Figure 21: Current HF applications in the context of the proposed SRH-63501260475Furthermore, motivation and CRM acceptance have been addressed in both the literature review and empirical research. The CRM literature review is mainly concerned with pilots. An introduction to CRM for aerospace OEM employees would need to take account of vast differences in education and skill levels, unlike pilots who normally have to go through a thorough selection process and standardised training. Helmreich and Foushee (2010) support the idea that the selection process for pilots contributes to better performance. The motivation aspects in the empirical research represented an attempt to see if increased motivation levels may support the acceptance of CRM. The findings from the questionnaire may support this, but with limitations, and the findings from the interviews are not considered proof enough; further research is required.

Chapter Three – Objectives 2 and 3: Benefits and LegislationBoth, Objectives 2 and 3 will be addressed in this chapter. Whilst Objective 1 (‘Human Factors and CRM Research’) is the basis for this paper, Objectives 2 and 3 are supplementary in supporting the aim of introducing CRM for aerospace OEM employees. The aim of the benefits sections is to state ‘why’ it should be done. The legislation section, and the aims of the next chapter (‘Objective 4: Adaptation of CRM for OEMs’) are to state ‘how’ it should be done.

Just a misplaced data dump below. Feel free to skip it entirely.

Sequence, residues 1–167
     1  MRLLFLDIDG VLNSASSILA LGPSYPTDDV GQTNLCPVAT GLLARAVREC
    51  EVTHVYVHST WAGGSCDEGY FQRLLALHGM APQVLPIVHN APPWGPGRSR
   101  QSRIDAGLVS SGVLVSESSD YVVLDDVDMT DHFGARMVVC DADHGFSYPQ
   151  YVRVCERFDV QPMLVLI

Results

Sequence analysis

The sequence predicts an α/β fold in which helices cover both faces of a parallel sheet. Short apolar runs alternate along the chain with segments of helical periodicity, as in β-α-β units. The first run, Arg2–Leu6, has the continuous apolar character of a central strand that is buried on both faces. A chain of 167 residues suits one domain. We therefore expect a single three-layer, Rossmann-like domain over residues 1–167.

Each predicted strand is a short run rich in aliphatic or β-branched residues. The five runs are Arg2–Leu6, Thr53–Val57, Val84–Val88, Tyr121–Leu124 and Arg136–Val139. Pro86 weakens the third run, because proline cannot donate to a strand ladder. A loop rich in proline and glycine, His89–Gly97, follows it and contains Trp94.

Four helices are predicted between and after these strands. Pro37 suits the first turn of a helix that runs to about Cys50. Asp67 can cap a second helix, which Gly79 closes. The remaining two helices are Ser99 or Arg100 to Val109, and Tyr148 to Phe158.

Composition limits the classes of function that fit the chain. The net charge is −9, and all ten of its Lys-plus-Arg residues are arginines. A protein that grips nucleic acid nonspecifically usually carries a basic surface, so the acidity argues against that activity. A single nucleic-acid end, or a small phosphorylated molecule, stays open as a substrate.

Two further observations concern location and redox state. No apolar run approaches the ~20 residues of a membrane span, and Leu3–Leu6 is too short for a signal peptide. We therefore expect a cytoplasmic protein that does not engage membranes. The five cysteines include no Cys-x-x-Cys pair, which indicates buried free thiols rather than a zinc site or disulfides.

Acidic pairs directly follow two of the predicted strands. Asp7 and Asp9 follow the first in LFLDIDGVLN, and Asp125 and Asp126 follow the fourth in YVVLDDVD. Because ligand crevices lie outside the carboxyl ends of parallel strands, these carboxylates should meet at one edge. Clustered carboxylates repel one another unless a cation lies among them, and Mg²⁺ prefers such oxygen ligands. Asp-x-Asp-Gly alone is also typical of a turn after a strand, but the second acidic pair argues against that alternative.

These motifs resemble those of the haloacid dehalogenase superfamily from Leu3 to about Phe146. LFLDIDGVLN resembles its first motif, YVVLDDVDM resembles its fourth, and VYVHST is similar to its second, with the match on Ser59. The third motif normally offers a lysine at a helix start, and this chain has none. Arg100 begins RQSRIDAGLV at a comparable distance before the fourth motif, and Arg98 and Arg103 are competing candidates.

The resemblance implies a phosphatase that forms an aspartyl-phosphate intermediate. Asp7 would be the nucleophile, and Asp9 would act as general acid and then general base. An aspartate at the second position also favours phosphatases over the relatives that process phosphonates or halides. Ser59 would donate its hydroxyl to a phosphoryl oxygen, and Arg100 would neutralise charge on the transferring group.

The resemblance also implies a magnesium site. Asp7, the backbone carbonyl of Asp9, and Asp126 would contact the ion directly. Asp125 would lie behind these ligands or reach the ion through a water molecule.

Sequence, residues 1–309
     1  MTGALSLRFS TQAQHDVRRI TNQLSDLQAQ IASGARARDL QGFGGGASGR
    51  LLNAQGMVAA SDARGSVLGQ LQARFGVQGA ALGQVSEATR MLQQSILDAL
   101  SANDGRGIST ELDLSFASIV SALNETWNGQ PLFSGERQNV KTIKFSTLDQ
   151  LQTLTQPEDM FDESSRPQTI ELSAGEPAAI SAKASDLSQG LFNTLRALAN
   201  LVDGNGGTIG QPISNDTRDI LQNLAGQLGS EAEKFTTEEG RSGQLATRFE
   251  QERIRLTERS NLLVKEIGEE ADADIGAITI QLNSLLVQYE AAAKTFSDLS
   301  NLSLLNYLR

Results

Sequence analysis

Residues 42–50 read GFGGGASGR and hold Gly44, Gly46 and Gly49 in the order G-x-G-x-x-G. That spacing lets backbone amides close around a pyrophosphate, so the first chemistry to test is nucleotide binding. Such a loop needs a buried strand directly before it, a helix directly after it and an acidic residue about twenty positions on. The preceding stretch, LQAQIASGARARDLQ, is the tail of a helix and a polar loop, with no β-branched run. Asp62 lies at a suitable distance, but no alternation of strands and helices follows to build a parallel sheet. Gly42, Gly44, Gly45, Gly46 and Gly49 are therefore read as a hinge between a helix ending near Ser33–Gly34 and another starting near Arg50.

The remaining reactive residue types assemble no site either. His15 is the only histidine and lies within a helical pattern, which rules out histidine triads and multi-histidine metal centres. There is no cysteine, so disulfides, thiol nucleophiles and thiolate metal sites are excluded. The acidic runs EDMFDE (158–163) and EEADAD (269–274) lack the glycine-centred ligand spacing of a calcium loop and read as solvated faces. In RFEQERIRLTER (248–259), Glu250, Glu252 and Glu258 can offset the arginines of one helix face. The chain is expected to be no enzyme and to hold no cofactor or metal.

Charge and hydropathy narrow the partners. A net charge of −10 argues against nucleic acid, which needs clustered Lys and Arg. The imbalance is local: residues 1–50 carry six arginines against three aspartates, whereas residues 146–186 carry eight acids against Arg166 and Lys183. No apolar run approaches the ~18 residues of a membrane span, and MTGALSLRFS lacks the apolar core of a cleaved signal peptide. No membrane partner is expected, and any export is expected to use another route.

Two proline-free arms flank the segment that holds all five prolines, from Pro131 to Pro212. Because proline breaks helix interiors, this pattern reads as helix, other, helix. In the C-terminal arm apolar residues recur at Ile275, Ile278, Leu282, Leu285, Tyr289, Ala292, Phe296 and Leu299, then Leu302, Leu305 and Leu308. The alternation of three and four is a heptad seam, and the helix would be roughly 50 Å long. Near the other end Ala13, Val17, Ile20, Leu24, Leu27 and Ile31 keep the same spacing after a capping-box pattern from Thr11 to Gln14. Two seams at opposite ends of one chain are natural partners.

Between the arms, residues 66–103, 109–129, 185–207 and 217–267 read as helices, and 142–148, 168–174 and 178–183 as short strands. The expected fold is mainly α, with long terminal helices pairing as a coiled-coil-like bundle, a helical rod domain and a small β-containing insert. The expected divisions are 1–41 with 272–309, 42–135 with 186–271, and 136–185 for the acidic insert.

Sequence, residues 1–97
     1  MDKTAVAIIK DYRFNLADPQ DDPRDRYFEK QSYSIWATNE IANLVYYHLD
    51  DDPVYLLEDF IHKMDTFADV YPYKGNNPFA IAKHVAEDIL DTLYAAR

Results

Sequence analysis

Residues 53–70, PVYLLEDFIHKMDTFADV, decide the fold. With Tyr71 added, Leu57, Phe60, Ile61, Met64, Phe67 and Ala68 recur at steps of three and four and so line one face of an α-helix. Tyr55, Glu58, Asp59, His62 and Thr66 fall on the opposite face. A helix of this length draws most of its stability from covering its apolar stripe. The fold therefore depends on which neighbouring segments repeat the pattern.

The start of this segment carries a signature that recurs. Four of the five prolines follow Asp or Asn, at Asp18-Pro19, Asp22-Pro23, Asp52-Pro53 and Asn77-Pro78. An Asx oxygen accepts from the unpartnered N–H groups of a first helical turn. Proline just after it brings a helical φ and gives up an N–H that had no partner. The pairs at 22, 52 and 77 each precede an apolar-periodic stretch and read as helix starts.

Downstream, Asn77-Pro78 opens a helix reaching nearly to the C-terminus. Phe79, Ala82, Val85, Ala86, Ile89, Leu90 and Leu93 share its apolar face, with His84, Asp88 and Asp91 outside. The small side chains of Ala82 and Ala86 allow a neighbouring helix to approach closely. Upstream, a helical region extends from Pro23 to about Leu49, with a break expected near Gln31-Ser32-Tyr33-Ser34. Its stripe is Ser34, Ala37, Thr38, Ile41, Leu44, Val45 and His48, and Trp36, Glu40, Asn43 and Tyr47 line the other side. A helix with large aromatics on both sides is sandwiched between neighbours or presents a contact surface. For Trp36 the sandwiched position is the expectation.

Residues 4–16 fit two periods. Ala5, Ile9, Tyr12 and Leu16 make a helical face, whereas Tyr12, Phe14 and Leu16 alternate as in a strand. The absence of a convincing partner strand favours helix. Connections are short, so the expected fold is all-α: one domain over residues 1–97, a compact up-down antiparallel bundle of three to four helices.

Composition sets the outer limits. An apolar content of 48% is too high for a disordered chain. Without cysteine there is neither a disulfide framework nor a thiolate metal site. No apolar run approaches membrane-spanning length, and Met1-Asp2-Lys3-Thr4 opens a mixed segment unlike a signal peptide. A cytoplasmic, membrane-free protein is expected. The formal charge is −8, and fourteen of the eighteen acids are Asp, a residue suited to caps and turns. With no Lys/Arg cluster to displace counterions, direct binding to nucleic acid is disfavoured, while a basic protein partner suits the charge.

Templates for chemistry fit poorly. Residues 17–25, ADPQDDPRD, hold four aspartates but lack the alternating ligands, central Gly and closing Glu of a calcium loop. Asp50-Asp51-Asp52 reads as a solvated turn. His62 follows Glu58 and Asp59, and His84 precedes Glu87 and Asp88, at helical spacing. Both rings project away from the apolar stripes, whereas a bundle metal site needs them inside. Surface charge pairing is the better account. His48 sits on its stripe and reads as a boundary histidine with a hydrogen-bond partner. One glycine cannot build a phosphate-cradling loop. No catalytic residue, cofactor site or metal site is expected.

3.1 Objective 2: BenefitsThe purpose of this section is to explore and illustrate the benefits of the proposed introduction of CRM for aerospace OEM employees. Section 1.4 (‘Problem Formulation’) may be regarded as an addition to this section, as it illustrates ‘what’ the issue is, and this section argues for ‘why’ it should be addressed. The research in this section is based on the literature review; it looks at current applications (HF/CRM) and seeks to illustrate the benefits for aerospace OEM employees in the form of a discussion in the last sub-section. Furthermore, the sources and criteria used for the research are discussed above, in Chapter 2 (‘2.1 Source and Criteria used for the Literature Review’).